Poem: Children’s Games
Poet: Geoffrey Hill
Having no relationship with Hayim Bialik’s poetry, much of the deep meaning of Geoffrey Hill’s “Children’s Games” is forbidden me. But there remains the surface.
The central element of the poem is a tonal shift, the transition from childhood to war. This happens at an overarching level, as we move from the innocence of the children’s games promised by the title to “air foil-fêted / and with zinc clatterings.” But it also happens at a lower level, in the games themselves. Consider:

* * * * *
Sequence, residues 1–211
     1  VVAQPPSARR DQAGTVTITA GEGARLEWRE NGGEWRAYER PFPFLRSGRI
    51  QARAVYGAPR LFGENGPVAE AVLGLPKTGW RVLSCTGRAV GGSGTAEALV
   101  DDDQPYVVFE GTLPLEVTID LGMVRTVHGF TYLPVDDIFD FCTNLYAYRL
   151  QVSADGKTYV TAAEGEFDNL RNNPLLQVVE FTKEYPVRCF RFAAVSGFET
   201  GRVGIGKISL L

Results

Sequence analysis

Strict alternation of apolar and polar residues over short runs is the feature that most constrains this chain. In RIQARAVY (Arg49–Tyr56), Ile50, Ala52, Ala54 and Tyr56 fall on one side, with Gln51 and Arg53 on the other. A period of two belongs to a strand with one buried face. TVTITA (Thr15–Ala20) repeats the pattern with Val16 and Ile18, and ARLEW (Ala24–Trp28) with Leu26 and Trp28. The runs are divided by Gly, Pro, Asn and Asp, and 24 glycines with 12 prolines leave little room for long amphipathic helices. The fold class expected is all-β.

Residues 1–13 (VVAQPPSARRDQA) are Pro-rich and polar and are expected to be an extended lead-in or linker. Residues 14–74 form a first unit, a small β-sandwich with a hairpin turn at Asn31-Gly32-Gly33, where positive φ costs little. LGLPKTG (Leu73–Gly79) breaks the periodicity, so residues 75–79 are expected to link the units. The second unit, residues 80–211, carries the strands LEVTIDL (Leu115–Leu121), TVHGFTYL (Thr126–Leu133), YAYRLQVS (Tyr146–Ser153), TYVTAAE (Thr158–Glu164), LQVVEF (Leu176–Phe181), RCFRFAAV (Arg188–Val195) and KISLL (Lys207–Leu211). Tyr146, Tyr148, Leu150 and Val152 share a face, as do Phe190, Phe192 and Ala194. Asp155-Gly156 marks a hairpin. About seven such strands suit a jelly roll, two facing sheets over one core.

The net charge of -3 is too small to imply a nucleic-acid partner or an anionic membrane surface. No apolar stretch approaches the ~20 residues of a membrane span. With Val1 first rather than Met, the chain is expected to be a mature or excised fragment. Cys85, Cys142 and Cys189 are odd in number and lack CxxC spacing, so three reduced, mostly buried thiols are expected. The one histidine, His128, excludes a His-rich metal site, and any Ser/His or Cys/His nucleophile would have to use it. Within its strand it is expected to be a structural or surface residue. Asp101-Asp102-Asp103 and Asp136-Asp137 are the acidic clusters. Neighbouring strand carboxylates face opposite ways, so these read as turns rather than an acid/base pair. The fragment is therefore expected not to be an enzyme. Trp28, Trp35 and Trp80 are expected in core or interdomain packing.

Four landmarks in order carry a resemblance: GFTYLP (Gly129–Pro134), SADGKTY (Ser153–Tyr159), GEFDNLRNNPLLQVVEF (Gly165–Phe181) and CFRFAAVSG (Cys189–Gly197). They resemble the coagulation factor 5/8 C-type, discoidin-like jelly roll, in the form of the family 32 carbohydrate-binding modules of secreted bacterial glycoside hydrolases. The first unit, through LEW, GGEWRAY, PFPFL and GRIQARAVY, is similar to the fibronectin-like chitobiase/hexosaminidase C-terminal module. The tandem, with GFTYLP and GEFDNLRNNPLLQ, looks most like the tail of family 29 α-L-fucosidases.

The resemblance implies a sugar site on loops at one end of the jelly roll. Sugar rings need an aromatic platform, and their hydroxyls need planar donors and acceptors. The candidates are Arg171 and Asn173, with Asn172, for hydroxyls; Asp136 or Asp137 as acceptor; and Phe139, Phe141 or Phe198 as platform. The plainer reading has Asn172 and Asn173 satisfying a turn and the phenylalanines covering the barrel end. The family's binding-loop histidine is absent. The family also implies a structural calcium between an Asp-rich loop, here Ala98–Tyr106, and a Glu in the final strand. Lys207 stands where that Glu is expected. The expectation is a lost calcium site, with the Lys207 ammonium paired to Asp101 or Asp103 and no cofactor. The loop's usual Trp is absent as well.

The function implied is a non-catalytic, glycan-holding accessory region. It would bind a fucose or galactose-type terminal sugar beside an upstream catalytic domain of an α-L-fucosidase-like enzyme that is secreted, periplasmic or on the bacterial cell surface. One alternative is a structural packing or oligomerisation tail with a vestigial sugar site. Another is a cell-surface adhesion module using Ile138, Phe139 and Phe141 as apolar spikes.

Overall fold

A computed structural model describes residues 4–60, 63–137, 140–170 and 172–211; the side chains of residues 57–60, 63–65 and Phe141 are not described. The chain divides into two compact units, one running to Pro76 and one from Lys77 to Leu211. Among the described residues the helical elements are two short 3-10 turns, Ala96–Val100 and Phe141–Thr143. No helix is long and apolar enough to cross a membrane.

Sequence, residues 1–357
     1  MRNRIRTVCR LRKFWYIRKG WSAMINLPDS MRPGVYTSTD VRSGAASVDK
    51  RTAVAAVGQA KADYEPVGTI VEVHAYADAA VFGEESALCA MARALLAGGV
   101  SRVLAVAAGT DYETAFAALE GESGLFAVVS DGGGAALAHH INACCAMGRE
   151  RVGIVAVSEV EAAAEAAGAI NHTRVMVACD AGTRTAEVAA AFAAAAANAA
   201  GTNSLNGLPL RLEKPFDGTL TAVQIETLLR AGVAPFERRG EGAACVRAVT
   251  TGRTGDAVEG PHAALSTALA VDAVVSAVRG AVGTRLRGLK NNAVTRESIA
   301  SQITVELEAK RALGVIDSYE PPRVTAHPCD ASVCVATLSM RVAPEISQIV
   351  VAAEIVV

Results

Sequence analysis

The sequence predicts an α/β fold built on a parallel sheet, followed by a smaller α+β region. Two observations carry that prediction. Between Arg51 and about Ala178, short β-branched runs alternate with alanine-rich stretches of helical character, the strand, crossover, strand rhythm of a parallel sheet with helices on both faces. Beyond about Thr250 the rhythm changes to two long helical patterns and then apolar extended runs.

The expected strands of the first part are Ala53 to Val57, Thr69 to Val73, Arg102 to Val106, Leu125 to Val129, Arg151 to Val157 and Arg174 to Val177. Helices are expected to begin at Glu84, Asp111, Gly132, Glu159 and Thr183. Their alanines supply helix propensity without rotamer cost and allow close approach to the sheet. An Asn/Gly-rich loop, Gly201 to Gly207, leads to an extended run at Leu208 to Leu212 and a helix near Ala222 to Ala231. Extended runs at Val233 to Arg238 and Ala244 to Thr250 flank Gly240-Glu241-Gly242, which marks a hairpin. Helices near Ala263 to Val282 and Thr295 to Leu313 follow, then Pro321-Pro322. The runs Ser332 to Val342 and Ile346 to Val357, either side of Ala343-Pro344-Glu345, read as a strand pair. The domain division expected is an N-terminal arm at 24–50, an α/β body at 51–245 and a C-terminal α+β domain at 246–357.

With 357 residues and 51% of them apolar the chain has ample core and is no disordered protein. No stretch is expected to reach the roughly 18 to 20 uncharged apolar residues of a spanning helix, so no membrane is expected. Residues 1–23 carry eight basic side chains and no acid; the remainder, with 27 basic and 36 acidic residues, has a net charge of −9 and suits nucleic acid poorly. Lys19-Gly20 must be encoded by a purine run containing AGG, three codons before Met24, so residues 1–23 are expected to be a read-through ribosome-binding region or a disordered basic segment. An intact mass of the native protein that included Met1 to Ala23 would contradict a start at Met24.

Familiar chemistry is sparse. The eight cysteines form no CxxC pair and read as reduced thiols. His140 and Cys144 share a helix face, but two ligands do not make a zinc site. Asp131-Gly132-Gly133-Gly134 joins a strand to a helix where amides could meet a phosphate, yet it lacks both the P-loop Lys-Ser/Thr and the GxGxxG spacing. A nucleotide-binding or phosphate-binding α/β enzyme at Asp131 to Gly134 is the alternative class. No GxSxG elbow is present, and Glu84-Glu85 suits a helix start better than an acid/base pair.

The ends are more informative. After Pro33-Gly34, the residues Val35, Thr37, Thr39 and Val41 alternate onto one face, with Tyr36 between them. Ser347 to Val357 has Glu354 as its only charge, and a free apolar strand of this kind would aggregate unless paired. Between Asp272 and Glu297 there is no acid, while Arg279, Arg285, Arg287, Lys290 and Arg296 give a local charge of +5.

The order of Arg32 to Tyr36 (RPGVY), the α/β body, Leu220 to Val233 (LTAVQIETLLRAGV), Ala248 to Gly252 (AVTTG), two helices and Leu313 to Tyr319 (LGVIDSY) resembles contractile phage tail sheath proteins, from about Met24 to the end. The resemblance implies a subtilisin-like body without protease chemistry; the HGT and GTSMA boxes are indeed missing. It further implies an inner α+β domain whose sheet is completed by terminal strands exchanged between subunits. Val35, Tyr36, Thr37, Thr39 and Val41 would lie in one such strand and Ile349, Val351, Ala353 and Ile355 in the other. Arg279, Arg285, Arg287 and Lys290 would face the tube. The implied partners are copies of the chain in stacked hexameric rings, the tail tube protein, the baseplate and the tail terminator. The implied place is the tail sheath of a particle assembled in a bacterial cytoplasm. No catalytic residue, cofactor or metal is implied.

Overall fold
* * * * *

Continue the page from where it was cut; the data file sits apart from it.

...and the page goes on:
From laughter to slaughter,
from shul to Sheol,
from Torah to Ahor.
These are actual games, and on the surface very free and childlike. It is the poet’s childishness, his pure delight in words and sounds, delight only amplified by seeing how little a change (adding a letter, say, or rearranging letters) can wreak havoc with meaning—“from laughter to slaughter…”
Very well, but why are we instructing to “Tell Bialik”? Here my unfamiliarity prevents me from delving too deeply. The poem itself only tells us that “he should know.” What he knows, it seems, are these “memory games.” My minimal sleuthing reveals that many of Bialik’s poems involved reminiscence of his childhood, as well as frustration with anti-Semitic violence (and Semitic passivity in the face of it). So there is the hint of a connection, though those more familiar with Bialik will have to draw it out.